This Underrated French Hike Is The Perfect Way To Take In The Local Culture

If you want to escape the Olympic-sized crowds (and prices) in Paris this summer, getting outside and heading to the Savoie department near the Swiss border is a great alternative. This beautiful region is home to Mont Blanc, the tallest mountain in the European Alps, and tons of other more approachable peaks. One mountain in particular, located near Chambery, France, provides unforgettable views and a classic regional charm. The area has a hike that will take you directly to Croix du Nivolet, a seven-story cross at the summit of the Dent du Nivolet. The massive cross looks fantastic against panoramic views of the distant Alps and nearby Lake Bourget. 


You can reach this monument by foot from a nearby ski area known as La Feclaz or from one of several starting points in the valleys below the mountain, which we'll cover in detail. The walk to this cross takes you through magnificent French farmland, steep inclines in old-growth forests, and several kilometers of scenic ridgelines. It's well worth budgeting an entire day on this mountain to soak it all in. I was lucky enough to enjoy this hike with local guides who took me on the scenic route, stopping and grilling fresh sausage on the slopes of La Feclaz. You, too, can enjoy freshly toasted baguette on this mountaintop, and you don't even need to carry a grill up there to feast. So, follow along while we check out a great day outdoors Savoie-style.


What to pack for a hike in Savoie

In Spring, these mountains might have you alternating between slathering sunscreen and bundling up under your raincoat. Summer is more consistent, but you should still pack for all weather conditions before filling your bag with meats and cheeses. And if you're heading to the cross in winter, pack your cross-country skis. We split this packing list into two: with and without cookware. Before packing your charcoal, go to the Chambery tourist info center to confirm you're able to light fires and leave no trace. You can always pack a few dried sausages and cheese for a more leisurely mountaintop picnic or stop at the full-service restaurant halfway up (more on that later) for hot meals and hot chocolates.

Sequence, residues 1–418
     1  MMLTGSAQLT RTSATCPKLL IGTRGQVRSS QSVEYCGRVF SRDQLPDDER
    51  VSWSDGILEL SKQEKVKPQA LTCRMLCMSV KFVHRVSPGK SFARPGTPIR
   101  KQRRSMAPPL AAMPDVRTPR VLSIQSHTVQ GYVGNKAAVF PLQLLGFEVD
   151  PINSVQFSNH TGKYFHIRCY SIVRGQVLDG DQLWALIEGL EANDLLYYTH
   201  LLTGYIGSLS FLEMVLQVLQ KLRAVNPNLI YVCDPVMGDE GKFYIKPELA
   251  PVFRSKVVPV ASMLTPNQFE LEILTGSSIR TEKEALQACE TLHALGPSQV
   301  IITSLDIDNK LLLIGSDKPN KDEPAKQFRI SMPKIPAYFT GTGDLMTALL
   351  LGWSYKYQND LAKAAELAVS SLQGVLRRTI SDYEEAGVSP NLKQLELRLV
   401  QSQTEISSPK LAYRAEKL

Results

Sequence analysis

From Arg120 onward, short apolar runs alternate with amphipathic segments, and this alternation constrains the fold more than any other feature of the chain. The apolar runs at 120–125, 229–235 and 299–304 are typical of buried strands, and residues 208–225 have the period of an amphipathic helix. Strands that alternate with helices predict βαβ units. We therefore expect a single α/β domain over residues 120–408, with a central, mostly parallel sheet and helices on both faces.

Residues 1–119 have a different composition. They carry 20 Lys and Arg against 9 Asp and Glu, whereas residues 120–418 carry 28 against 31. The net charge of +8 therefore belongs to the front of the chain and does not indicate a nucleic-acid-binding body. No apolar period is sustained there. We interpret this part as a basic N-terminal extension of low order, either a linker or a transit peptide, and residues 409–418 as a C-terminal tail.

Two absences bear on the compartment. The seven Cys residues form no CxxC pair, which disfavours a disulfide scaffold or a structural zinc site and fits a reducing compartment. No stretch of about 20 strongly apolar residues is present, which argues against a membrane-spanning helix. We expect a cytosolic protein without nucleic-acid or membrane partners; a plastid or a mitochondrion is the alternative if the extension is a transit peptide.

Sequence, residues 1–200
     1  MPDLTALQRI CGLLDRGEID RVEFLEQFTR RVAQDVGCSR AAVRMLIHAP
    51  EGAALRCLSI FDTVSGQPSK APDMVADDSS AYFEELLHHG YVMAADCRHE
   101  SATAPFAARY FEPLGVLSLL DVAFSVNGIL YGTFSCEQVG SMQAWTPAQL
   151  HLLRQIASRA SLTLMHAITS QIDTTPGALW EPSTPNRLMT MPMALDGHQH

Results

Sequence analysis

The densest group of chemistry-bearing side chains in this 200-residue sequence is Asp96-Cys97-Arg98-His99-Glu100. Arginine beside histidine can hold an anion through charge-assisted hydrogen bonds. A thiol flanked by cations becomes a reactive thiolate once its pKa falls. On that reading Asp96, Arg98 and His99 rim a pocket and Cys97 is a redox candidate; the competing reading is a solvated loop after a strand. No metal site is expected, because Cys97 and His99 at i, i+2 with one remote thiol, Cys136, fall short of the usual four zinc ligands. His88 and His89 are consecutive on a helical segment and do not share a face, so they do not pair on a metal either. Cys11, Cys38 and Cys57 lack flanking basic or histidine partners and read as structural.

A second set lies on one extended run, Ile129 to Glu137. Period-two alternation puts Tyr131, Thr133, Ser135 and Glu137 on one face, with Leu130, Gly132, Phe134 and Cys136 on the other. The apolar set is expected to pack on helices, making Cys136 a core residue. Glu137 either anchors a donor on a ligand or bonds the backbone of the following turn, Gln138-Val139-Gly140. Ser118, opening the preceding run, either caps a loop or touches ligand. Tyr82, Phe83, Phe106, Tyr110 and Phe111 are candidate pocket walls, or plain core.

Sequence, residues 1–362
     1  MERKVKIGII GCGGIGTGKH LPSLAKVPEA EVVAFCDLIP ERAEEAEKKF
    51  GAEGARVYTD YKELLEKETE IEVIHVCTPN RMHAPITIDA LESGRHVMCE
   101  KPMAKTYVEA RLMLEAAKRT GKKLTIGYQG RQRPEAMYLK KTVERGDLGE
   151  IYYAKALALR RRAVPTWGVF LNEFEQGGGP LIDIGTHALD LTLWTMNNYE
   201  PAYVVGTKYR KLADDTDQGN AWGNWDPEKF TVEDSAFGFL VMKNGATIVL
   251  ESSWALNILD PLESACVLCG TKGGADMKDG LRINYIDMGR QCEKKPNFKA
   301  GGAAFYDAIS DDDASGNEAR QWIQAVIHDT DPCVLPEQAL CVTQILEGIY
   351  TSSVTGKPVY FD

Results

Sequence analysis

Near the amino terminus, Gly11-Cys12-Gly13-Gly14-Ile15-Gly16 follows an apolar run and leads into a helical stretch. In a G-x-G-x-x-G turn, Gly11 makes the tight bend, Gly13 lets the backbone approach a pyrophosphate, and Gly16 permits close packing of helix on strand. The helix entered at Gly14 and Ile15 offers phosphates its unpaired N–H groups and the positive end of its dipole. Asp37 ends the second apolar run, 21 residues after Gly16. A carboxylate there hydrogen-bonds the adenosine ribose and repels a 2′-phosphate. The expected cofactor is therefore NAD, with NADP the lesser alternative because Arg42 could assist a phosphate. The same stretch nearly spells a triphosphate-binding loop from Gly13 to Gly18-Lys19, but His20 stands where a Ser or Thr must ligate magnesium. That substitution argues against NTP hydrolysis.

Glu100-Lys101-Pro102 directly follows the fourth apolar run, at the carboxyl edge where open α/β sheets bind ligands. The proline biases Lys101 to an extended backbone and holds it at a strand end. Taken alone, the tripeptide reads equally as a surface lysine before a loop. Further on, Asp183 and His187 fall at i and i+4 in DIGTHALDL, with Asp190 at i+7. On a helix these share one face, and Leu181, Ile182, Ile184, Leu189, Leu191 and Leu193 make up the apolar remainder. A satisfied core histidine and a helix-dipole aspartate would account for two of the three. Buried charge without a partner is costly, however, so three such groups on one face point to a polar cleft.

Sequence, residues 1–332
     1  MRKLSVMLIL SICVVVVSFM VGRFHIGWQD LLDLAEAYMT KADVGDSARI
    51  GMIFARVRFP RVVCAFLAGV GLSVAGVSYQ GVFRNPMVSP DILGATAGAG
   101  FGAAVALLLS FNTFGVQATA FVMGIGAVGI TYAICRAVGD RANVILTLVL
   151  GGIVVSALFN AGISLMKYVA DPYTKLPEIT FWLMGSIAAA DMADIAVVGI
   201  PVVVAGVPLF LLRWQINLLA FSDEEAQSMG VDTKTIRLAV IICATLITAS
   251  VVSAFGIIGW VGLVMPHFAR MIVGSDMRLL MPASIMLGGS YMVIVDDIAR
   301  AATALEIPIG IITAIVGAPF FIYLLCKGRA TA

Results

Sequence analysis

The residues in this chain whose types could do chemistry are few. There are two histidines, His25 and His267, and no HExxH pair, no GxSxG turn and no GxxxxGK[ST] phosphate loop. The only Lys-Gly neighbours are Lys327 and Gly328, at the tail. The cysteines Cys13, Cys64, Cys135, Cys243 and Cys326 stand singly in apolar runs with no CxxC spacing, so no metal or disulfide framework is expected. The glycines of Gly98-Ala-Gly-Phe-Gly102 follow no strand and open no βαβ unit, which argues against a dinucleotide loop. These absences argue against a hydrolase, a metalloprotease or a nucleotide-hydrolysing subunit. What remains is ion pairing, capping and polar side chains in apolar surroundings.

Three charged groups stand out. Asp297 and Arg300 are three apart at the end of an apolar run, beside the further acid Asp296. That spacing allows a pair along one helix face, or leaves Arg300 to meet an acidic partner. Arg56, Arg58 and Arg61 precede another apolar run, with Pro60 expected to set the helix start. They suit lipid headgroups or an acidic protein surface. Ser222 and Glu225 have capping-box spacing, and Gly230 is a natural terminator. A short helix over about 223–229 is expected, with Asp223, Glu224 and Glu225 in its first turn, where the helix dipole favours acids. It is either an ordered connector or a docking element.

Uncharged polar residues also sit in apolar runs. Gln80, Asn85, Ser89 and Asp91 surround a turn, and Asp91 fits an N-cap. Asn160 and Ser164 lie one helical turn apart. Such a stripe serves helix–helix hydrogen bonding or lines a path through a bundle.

For the hike, bring:

  • Layers (at least one water/windproof jacket).
  • Walking directions/GPS.
  • Extra water bottles.
  • Waterproof shoes.
  • Sunscreen.
  • Walking stick.

If you're going to grill, also bring:

  • Cooking grid.
  • Charcoal.
  • Firestarters — check out these genius hacks for inspiration.
  • Lighter. 
  • Pocket knife with a saw.
  • Garbage bag.

Many regions in France have their own passionate take on sausage and dairy products. Since this hike sits squarely in the Savoie department, it's best when fueled by food with the Savoie flag. Look for the red and white local flag to mark products from this region in grocery stores, or better still, fuel your hike from local butcher shops and fromageries.  

Where to start your hike

Chambery locals love being outside. They love it so much that they'll encourage you to take this trek no matter how much it's rained previously. They might even tell you to go if there's some rain in the forecast. They're probably right — the gigantic cross makes this trip worthwhile, even when it's wet. Luckily, there are several different starting points for this hike, so if the weather is particularly rough or you're just not feeling it, you can begin your day halfway to the cross and limit your exposure. 


If the weather's nice and you feel frisky, follow Le Nivolet en boucle depuis Pragondran. We followed this loop from a parking lot in Pragondran and thoroughly enjoyed climbing through French farmland and switchback terrain to reach the top. The pathway is officially marked at 5.5 hours and 11 kilometers, but our Smartwatch data reported that it took us around 10 hours and 17 kilometers from car door to door. Finding a secluded area, gathering wood, and starting a fire in a wet bush are likely to blame for most of that additional time and distance.